“My friends,” Chess announced grandly as he flung open the door onto the small back room. A half-dozen guys looked up from the cluttered table in front of him. “Last time, through our wits and skill, we won much treasure. Today, we will celebrate!”
He clunked his knapsack into an empty chair and unloaded some stuff, including the ancient link-phone that stored his character sheets, onto the table, pushing bags of chips and cans of soda out of his way until he had a sufficiently clear spot. Then he looked up. They were all staring at him. “What?”
“Yeah, about that...” Pete, a college freshman and the youngest player, smirked at him.
“You missed it,” one of the guys seated on the other side of the table groaned. “The constable of the nearby town wanted to throw everyone in prison for stealing that treasure. We took a vote and decided to try to bribe our way out of it.”
“We tried to call you so you could be part of the vote,” Pete added.
“Oh, yeah. Uh, am I that late?” Chess felt disoriented. The chase must have taken even more time than he thought. “But, wait: we stole that treasure from an infamous band of outlaws that prey on travelers!” he protested.
“Effectively cutting the constable out of his usual kickbacks, I guess,” another player concluded, sounding disgusted. “We all rolled to see how much we gave up. You weren’t here, so we had to roll for you. Actually, you lost the most money.”
Chess sighed in exasperation. “Can I roll again, now that I’m here?” he asked, reaching for the set of dice in his pocket.
“No.” The Game Administrator peered over the top of his eye-link glasses, where he had been reviewing some notes for the game. “It’s done.” He sounded almost apologetic. “But today we start a new mission.”
“Damn authority,” Chess sighed, finally sitting down. “Well... then we just have to get out there and win some more.” Absently, he pulled a soda out of his pack and opened the top.
“Definitely,” Pete, seated next to him, agreed.
Setbacks were just a part of the game, Chess thought. They would overcome them. He took a drink and wished he could feel so positively about real life. But real life was different: he had no skills or confidence for that, none at all. The game was way better. It had rules he could understand.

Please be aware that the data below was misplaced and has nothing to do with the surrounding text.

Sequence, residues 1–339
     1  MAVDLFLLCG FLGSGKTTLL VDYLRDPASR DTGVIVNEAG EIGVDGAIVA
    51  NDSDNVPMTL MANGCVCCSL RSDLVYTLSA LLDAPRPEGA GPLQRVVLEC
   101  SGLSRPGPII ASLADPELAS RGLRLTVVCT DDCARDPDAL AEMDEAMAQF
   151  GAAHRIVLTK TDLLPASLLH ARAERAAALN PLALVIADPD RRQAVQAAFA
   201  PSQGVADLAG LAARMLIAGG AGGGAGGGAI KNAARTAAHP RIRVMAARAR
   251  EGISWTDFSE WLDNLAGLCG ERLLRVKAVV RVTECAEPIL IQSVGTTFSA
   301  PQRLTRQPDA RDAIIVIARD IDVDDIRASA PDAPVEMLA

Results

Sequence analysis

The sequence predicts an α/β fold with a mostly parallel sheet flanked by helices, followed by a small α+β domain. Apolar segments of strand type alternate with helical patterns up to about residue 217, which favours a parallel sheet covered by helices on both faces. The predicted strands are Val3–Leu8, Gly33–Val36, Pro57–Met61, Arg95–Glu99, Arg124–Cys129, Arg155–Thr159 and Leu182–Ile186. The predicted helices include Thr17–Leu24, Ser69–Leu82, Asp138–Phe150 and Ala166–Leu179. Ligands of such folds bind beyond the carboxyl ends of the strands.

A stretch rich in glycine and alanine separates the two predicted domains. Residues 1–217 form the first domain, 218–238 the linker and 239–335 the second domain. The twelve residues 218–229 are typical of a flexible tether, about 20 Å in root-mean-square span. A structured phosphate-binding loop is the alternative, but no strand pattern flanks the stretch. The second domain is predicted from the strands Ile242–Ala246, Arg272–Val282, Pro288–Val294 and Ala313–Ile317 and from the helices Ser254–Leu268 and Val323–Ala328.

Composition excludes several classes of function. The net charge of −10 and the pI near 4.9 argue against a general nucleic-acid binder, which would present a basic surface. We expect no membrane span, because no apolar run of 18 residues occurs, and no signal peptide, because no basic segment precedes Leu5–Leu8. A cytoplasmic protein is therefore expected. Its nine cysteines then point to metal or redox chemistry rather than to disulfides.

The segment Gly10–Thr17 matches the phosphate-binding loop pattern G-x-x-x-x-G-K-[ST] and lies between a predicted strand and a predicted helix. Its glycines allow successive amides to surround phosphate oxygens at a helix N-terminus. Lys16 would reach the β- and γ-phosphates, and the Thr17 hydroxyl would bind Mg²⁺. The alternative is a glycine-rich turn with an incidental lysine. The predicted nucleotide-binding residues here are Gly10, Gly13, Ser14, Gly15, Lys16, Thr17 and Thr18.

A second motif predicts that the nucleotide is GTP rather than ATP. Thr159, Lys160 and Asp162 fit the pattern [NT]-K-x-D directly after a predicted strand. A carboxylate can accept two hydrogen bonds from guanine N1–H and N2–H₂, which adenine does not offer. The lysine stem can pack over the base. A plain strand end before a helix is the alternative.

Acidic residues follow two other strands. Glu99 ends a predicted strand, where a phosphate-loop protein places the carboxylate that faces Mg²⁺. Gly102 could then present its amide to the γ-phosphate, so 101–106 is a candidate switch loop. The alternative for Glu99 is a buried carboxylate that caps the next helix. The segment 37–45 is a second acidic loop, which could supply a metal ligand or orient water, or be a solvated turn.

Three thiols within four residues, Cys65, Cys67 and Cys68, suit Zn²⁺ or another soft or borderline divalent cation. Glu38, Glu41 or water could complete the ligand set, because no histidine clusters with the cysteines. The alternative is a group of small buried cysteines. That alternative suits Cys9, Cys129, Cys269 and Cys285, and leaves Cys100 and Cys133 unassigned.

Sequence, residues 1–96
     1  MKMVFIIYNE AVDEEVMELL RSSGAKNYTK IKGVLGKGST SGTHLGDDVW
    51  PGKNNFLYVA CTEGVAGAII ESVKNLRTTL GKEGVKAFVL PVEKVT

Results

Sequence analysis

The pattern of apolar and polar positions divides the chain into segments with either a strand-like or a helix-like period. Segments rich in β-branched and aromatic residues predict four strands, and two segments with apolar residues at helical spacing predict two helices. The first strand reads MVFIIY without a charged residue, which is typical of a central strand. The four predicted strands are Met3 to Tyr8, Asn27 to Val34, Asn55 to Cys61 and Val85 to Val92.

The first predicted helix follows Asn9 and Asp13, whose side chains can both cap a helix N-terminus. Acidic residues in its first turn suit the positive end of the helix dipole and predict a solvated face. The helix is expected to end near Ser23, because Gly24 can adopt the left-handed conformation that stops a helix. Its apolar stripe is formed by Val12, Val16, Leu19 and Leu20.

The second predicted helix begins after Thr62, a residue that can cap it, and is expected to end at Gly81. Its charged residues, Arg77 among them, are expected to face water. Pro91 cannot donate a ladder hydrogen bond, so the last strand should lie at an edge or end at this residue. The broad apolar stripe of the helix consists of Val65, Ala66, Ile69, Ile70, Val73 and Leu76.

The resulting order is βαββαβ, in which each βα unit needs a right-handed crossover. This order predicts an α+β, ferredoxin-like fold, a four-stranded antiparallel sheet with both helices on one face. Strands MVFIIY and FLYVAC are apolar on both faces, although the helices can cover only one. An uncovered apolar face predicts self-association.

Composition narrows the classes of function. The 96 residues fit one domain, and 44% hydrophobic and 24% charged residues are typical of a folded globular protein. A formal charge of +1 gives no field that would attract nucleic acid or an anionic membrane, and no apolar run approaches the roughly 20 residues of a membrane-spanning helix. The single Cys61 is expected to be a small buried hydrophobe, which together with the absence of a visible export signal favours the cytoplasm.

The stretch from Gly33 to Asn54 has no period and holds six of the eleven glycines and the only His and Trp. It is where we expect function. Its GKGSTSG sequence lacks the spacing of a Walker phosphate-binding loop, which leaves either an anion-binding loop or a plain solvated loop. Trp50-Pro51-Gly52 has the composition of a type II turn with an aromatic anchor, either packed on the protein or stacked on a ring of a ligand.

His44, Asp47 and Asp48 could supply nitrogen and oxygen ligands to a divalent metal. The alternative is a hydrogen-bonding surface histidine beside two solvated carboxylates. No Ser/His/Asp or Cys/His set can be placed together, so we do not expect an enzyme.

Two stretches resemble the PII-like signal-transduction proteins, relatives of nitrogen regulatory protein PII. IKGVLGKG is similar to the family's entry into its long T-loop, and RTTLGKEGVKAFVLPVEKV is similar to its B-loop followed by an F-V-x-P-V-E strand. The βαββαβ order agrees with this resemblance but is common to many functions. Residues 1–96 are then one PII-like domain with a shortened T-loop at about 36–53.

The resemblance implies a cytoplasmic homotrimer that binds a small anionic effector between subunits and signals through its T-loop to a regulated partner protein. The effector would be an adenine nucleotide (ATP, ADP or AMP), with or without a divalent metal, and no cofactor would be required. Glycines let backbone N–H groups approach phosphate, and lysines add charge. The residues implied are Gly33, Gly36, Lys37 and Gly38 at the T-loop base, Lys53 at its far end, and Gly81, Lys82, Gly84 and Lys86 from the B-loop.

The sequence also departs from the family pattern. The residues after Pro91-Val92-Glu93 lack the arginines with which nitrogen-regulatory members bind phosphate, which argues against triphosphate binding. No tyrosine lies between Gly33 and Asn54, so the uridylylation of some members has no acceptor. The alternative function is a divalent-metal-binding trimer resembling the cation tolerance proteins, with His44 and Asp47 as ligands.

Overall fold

The Game Administrator tapped a few keys on his console screen, and then looked up with a sheepish expression. “It took a while to get the information from Lodestar for the new campaign, so I'm not all that well prepared...”
“Hey,” Pete whispered, “your sister was just telling me --”
“How do you know my sister?” Chess gasped, the game suddenly forgotten.
The kid smiled. He was chowing rapidly through a big bag of chips, and the crumbs covered the lower half of his face. “We’re taking a poly sci class together,” he explained. “Anyway, she was telling me she’s working on that campaign to elect Swanson for mayor.”
“Oh,” Chess answered distractedly, “yeah, she’s really into the whole politics thing.” He shook his head in confusion. “How do you know she’s my sister?”
The kid waved one greasy hand, crumbs flying onto Chess’s link-phone screen. “Oh, we talk.”
Chess stared at him in horror. Pete was okay... but talking to his sister? And how much had he told her about the game? “Shouldn’t you be paying attention to the class?” he asked fiercely.
“So, in this new campaign...” the Game Administrator announced, raising his voice.
Chess scowled at Pete, but the kid just smiled back with potato-chip encrusted lips.
“Relax, civvy, it’s all online,” the kid laughed. “I’ve never actually met her. Never even seen her,” he added thoughtfully. “But her avatar is really cute.”
Continued next page...
Oh, come on! You're gonna kill me because I had fake sex on graph paper with a girl who barely spoke to you in real life?
- Dr. Venture
The Venture Bros.: “Past Tense” Season 1, Episode 11 (16 Oct. 2004)
When authors set their stories among events in their own present day, that time period quickly becomes the past for their readers. All genres of fiction have the potential to show past eras and events in ways that are far more memorable than any history book, and Sci-Fi and Fantasy are no exception.
Around the World in 80 Days by Jules Verne gives a farcical, but apparently somewhat accurate picture of the process of democracy in the late 1800’s. (The subject of violence in our voting history came up in the course of the national discussion over equal access to voting during this past presidential election.) The Wild Cards Series, edited by George R. R. Martin, contains vivid fictionalized descriptions of historical events and people shortly after World War II (when the Wild Card virus hits) and on. My favorite is the scene, from Wild Cards Volume I, that illustrates the Hard Hat riots of 1970, an event that is not well-known but directly followed the famous Kent State shootings.
Illustration of past eras is not limited to events either. You only need to read Dracula to gain a better understanding of the role of and conceptions about women in that era. And many, many stories, from Wild Cards to Harry Potter successfully evoke the disturbing fears of the era of McCarthyism.
And I’ve noticed one other thing that this genre – in which I mean to include everything from the most technical science fiction novel to the most kinetic comic book -- does really well: expands vocabulary and other general knowledge. Batman taught me words like “grotesque” (as in the facial expressions of the Joker’s victims.) And I think it was a Mickey Mouse comic book that informed me that most tornadoes in the northern hemisphere spin counter-clockwise. Now, would I have remembered that fact if I had learned it in a textbook? Not nearly as likely!
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